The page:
Those writing their PhDs on the steampunk movement will probably not agree, but the modern movement to end global slavery is kind of political steampunk. The anti-trafficking movement has the drive to change the configuration of the world (though this could be said of any human rights movement).
Most importantly, some people in the anti-trafficking movement draws on the language of abolition to make their cases. Some people call themselves abolutionists and call human trafficking modern-day slavery. By drawing on our collective memory of the horrors of antebellum slavery, these activists are invoking an idealized past to comment on the present. Sound like a speculative-fiction genre we know of? Here are some pictures to illustrate:
While Steampunk is primarily a literary, fashion and technical movement, the Gaslight era also has rich veins of political commentary potential. Maybe anti-trafficking folks could hook into those sections of the culture with a stronger presence at fan-cons and more brass decorations .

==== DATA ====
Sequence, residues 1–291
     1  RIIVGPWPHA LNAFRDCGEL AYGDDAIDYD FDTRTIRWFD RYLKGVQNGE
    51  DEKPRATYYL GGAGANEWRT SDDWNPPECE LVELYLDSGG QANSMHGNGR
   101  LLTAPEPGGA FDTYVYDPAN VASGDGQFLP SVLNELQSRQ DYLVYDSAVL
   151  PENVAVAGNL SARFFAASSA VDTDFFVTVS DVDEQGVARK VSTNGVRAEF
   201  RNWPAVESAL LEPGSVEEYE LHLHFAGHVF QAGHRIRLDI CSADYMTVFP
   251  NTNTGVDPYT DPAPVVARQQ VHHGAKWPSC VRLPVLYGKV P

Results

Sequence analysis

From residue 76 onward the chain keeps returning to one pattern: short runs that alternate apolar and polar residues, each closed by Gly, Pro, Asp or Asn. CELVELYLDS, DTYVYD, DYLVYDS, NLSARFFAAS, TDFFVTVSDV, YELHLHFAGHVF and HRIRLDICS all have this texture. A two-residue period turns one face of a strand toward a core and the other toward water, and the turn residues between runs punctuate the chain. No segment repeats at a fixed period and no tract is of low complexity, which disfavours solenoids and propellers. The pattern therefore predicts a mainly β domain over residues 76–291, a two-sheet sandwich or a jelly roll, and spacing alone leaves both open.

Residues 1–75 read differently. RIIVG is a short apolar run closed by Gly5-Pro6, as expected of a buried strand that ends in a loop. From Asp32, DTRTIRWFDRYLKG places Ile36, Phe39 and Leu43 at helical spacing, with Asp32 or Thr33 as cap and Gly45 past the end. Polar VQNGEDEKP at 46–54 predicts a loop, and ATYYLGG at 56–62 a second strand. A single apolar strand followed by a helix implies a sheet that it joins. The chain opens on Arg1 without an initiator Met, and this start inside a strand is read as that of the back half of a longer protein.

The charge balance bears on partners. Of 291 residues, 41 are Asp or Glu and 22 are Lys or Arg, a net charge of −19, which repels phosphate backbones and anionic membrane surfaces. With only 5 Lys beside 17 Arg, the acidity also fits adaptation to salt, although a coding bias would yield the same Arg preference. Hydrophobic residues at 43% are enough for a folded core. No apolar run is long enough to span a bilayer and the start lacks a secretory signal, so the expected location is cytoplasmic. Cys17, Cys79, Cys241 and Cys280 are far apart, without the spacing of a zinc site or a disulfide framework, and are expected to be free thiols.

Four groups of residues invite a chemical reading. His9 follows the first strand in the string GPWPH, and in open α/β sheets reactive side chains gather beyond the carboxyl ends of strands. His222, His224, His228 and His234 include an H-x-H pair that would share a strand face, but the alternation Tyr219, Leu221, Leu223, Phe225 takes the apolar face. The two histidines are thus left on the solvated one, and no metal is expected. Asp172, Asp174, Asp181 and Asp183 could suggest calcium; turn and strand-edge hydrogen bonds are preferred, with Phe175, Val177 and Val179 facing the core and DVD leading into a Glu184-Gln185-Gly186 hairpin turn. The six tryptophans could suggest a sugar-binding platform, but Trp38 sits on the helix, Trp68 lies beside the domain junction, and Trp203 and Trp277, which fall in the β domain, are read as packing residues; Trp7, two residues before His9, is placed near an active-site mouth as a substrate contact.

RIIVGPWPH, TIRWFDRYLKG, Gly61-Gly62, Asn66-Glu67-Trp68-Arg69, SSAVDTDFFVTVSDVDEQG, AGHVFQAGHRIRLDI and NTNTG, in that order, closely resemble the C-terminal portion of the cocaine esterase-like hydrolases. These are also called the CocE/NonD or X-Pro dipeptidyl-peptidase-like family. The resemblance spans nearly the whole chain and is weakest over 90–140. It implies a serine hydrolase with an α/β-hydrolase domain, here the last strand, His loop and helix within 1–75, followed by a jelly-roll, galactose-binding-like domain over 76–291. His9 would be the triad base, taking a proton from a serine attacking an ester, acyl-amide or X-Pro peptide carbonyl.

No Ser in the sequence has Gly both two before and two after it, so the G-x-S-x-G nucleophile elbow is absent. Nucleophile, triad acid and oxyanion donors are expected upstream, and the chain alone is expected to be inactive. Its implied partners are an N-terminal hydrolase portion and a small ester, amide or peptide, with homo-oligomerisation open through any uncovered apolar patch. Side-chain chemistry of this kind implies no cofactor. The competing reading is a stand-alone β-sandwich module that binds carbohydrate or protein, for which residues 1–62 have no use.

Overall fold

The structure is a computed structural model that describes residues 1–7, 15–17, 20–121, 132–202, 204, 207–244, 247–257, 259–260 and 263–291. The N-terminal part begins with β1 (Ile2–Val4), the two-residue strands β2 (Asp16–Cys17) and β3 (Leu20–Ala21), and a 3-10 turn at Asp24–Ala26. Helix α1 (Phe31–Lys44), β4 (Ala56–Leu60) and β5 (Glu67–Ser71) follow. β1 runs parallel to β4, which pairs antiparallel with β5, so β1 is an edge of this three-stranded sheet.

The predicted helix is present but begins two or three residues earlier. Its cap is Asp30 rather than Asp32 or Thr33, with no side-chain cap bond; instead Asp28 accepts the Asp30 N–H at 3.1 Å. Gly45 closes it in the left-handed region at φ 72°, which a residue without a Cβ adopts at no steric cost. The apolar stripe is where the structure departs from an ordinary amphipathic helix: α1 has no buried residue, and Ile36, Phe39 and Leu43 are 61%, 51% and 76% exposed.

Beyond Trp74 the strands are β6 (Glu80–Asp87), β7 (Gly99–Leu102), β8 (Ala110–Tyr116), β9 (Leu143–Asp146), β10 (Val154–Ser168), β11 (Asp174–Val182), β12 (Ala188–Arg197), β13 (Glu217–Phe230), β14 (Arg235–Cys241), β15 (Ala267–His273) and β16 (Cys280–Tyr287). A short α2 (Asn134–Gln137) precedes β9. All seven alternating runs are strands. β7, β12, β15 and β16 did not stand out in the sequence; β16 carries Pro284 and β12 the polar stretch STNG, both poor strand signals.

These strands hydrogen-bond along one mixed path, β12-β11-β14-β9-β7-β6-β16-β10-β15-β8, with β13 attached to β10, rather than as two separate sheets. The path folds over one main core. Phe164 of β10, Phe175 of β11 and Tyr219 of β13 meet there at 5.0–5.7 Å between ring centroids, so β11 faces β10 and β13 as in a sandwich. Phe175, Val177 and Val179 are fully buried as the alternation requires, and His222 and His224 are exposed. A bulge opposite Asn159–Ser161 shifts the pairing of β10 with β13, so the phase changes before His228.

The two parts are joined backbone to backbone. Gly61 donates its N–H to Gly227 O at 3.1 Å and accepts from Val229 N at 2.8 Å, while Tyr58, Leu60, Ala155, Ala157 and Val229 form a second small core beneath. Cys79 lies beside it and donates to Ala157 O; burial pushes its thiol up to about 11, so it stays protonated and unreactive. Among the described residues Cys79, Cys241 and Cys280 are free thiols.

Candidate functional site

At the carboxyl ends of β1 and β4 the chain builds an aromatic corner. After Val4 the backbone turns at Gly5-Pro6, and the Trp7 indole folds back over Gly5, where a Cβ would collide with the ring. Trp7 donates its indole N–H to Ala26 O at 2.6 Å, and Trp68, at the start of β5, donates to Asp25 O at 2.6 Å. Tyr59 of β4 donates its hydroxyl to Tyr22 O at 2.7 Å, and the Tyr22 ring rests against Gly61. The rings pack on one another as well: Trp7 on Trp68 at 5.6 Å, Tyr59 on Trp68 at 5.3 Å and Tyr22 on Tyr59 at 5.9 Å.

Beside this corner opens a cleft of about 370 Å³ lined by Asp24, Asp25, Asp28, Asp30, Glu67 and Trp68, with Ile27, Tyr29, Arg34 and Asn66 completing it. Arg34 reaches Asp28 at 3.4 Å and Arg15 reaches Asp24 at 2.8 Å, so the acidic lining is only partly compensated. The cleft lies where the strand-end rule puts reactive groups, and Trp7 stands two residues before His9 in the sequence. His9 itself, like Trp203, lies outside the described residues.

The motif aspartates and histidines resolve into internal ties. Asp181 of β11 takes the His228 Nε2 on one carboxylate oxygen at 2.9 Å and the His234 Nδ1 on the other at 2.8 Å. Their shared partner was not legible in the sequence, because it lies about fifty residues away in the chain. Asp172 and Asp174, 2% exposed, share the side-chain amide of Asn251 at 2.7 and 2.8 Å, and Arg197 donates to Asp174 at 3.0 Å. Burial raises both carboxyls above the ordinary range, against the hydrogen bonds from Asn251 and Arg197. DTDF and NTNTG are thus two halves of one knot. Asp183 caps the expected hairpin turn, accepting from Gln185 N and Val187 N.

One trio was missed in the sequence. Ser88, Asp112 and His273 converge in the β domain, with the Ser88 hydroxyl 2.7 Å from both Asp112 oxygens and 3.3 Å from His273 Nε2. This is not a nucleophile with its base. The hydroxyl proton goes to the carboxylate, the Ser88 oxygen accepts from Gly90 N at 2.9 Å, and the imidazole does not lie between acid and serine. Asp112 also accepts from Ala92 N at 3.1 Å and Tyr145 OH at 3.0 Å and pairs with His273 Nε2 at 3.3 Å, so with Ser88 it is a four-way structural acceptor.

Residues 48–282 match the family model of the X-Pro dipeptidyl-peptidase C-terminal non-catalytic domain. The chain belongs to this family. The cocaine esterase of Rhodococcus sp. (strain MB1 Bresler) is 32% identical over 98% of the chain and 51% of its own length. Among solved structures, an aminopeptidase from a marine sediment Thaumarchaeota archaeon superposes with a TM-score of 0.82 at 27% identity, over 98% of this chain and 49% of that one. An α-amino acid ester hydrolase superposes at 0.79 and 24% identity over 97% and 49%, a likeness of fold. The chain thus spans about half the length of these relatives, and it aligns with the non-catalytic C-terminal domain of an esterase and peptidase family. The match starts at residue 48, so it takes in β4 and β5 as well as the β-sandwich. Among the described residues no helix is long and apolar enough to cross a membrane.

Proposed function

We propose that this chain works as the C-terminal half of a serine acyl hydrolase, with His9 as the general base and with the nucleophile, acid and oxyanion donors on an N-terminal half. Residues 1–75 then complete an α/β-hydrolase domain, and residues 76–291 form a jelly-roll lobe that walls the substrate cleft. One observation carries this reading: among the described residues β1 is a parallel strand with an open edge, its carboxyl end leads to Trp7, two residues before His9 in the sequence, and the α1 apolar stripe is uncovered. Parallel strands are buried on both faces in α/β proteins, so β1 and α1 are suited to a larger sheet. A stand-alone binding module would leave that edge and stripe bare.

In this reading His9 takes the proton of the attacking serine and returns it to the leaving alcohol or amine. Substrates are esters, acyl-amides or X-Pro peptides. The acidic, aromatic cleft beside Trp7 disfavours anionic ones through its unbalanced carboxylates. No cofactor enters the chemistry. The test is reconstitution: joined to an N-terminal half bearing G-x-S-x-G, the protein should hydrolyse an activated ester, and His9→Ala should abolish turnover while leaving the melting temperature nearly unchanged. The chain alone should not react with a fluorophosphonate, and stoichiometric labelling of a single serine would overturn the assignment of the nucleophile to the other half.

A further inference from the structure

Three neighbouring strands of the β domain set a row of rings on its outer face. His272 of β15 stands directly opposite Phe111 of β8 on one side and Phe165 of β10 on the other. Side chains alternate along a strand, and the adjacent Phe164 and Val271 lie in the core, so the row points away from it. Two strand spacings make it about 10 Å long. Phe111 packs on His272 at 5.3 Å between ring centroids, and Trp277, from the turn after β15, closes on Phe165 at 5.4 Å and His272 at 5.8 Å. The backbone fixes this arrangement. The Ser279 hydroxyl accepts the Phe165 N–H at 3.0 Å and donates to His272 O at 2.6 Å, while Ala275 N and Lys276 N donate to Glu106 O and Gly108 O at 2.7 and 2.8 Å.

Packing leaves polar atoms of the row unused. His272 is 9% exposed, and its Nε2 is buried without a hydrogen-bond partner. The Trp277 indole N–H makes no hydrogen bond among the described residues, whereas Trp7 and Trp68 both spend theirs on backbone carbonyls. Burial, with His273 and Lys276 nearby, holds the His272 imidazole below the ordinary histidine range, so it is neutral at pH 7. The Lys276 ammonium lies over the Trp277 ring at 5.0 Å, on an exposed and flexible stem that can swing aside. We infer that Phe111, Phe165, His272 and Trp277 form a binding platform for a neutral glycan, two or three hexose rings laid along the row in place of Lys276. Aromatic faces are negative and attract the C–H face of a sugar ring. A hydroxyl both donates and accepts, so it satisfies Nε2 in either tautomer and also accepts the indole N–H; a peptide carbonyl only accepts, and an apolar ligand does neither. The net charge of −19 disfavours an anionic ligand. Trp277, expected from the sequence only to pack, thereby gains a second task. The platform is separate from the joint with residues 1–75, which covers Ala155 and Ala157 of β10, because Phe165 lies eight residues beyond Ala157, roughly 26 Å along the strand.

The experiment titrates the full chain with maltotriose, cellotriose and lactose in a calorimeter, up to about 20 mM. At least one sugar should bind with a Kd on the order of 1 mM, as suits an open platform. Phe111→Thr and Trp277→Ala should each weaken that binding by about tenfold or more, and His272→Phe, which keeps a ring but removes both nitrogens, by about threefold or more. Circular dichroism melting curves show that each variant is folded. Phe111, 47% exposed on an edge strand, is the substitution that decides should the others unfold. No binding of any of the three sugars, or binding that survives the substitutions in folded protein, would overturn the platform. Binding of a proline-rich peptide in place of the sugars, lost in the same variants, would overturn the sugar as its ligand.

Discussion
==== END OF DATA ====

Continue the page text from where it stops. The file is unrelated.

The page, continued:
“The blunting effects of slavery upon the slaveholder’s moral perceptions are known and conceded the world over; and a privileged class, an aristocracy, is but a band of slaveholders under another name”–Mark Twain
you may be interpreting the term steampunk a bit too liberally. Where’s the anachronism? Where are the valves and the goggles? I don’t think your argument for why it approaches political steampunk is strong enough to brandish the word.
p.s. your “Blogs of Friends” roll on the side of your page has some errors, you may want to look into it. Or get rid of it, either way.
As it turns out, the academic doing his PhD thinks there’s a lot of room for what you’re talking about. I just wouldn’t call it essential, as some do. This is a really great intersection of steampunk study that has connections to steampunk activists, as well as writers seeking to give their steampunk fiction a political thrust.
I’m glad someone agrees! Spend enough time in the “abolitionist” movement, and you start seeing some serious parallels, both intentional and accidental. A lot of the future-focused innovation that characterizes the fashion of steam punk also influenced the revolutionary social movements which were contemporaneous. For anyone, privileged by race, gender, or class, or not, to say there should be no slavery in the world was as ridiculous a statement in antebellum USA as Wells’ time machine or Verne’s submarine.